After an "extremely successful" two month trial at mainline and Underground stations in London, mobile weapons scanners are to go live at main railway stations throughout the UK, Transport Secretary Alistair Darling has announced.
The nature of this 'success', the kinds of deployment that will be made, and the things the machines are really intended to detect are, however, less clear than the secretary of state would have us believe.
According to the Department for Transport (DfT), British Transport Police has been running a three month trial in London using the scanners. The DfT and Transport Police have this year made substantial investments in scanning technology, most recently in the TPXi-640 x-ray unit, which as you see is a portable lightweight scanning unit with notebook computer. Image Scan Holdings announced in January that it would be delivering unspecified quantities of these units to British Transport Police over the following three months. The TPXi is claimed "to give the operator the greatest probability of detecting potential threats from explosive, chemical or even biological sources concealed within suspect packages", and that it is described by Image Scan as "the latest tool in the fight against terrorism".
According to Image Scan, however, these are high energy units designed to check baggage, not suitable for use on people, while the devices used in the knife scan trials are conventional metal detectors.
In this "successful" trial, DfT intended to combat knife crime. Ten thousand people were scanned, 100 were arrested and 68 knives detected. As we understand it, arrests related to the knives detected were in the mid forties, but the offences for which the other arrests were made have not been specified. For a fixed scanner at an airport a hit rate of this order could be seen as a success of sorts (only of sorts, because finding that number of people trying to carry weapons on board would scare airport managers witless), but these are not fixed scanners.
As deployed, the mobile version used teams of police accompanied by sniffer dogs (trained to smell knives???), with backup officers detailed to stop and question those who appeared to be avoiding the scanner. So, even at pilot scale it's an expensive operation to mount, and it can (or at least should) only be run by operators who're properly trained, and who're able to give subjects accurate information regarding the machines being used.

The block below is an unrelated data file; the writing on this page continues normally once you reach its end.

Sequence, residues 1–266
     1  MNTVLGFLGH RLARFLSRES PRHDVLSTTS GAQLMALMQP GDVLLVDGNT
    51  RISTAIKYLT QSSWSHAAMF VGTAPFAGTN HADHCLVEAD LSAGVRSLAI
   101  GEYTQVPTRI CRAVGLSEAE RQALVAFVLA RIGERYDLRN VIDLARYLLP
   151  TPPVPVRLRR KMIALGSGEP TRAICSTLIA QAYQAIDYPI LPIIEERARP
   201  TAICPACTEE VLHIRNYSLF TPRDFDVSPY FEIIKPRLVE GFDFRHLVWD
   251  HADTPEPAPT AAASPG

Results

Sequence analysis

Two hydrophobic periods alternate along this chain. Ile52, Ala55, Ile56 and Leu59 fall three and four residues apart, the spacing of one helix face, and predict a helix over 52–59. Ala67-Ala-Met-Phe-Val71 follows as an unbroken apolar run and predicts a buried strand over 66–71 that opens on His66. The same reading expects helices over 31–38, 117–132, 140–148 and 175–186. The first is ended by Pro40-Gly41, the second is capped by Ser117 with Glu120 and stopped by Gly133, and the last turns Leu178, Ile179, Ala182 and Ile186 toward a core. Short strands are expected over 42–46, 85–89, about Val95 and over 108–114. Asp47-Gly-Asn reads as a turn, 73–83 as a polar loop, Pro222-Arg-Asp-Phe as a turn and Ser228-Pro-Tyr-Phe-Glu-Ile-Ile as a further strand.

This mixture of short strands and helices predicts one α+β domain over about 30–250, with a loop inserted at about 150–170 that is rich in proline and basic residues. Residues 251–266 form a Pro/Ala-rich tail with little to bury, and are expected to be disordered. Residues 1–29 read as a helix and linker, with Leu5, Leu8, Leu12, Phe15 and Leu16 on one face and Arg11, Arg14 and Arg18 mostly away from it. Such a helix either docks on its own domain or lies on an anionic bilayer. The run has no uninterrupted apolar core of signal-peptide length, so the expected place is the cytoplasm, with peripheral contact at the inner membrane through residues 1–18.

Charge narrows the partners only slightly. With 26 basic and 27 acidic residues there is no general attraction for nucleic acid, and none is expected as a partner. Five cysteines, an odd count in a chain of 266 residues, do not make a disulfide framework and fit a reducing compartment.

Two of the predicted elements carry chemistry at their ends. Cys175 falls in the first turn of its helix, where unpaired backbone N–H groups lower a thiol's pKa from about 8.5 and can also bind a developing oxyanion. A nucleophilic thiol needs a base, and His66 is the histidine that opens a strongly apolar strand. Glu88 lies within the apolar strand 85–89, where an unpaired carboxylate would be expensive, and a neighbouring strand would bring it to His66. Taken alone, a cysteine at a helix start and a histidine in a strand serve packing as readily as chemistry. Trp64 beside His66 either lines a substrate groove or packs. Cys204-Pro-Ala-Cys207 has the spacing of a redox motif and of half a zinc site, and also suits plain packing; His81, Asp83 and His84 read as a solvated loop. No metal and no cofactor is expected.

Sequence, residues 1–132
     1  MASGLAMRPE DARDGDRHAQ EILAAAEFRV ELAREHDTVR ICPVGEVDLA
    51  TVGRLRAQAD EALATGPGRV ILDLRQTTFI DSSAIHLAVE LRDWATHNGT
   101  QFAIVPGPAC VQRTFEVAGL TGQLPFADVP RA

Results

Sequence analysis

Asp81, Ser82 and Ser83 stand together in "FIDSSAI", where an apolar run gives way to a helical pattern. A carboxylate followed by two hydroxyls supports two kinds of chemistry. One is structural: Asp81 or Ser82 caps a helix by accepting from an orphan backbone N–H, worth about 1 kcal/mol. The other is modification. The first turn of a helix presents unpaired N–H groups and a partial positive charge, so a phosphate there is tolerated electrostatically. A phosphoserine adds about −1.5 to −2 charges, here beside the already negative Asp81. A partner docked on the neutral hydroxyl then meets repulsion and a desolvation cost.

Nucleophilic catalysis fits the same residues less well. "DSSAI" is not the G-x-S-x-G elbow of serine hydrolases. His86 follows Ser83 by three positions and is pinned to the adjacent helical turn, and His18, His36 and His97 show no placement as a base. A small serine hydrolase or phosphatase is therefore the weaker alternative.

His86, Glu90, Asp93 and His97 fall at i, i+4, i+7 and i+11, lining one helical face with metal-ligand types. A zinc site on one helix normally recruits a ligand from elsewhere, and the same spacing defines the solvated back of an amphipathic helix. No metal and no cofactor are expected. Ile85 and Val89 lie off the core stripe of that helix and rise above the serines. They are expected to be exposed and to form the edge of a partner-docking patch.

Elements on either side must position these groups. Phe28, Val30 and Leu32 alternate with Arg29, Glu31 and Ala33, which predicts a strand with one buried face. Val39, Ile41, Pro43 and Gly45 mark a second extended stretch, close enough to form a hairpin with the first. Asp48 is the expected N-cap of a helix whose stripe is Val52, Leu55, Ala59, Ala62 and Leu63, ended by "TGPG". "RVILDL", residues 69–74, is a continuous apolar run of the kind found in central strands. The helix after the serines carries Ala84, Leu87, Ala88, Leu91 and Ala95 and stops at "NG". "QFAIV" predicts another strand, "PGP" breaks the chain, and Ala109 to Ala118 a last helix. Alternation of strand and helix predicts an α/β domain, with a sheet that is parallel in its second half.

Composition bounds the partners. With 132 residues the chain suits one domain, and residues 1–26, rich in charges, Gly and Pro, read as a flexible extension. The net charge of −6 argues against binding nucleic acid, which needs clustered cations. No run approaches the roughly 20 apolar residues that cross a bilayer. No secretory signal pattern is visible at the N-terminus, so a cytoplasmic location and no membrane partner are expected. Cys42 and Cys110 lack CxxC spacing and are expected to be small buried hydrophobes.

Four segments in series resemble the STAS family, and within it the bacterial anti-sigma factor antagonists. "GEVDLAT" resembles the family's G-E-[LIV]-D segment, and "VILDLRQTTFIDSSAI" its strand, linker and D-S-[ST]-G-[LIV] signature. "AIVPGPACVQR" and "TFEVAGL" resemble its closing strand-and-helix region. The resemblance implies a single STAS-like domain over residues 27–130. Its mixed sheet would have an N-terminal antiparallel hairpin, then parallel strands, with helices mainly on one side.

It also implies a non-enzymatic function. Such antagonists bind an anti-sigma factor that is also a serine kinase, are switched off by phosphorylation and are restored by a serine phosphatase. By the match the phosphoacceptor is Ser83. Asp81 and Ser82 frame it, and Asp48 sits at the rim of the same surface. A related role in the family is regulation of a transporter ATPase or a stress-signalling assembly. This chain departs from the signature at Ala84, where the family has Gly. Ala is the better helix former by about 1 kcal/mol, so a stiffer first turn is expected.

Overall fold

Considering the likely cost of all this, 68 knives (types not specified) out of 10,000 scans doesn't look particularly cost-effective, especially if you take into account that the scanner teams will essentially have been mounting surprise operations in high-risk areas, and will have achieved higher scores simply because the targets were not aware that the equipment was waiting for them. This won't be the case once they've been in use for a little longer, their use on a widespread basis will be prohibitively expensive, and taking 68 knives out of the hands of London's teenagers over three months scarcely makes the capital a safer place. It is, effectively, psyops, as was the case with the Met's operation Blunt in 2004; it was intended to persuade youth that it should not carry weapons because with the deployment of wondrous new technology they stand a very real risk of being caught. And as far as the general public is concerned, it's another prime example of 'reassurance policing' - conveying the impression of action and effectiveness by means of symbolism.
The x-ray mobile scanners will be similarly reassuring and similarly pointless as and when used to look for bombs and drugs, natch.
Alongside the mobile trials, you'll recall we have a fixed scanner trial at Paddington Heathrow Express, this one being particularly fascinating in that, when it was rolled out, it was viewed almost universally by those involved as being wholly impractical for widespread deployment. Transport for London has in the interim ruled out fixed scanners on the grounds of practicality.
Nevertheless, the importance of symbolism to New Labour may be sufficient to drive further fixed scanner deployments. On mass transit systems, however, the proponents of detection technology are currently between several rocks and hard places. Simple metal detectors just plain won't work in permanent deployments because they'll pick up keys, coins and so on, and running them in airport style would simply paralyse transport systems.
More sophisticated x-ray or millimetre wave (the "see through clothes" scanners) are getting faster, but they're currently dependent on trained operators capable of spotting problems, so we're still talking about expensive-to-run systems with queues, and a pause as each subject/suspect is examined.
You can therefore see the point in the use of mobile scanners, despite the fact they're not going to be significantly effective. They are scanner deployments of a sort but, as their deployment is intermittent, their overall disruptive effect is limited. Don't work much, don't hurt much, you could say. Just believe we're doing something. ®
*An earlier version of this story erroneously confused the Image Scan supplied mobile baggage scanners with the mobile metal detectors that Transport Police will be using in the knife crime initiative. Our apologies to Image Scan for the confusion.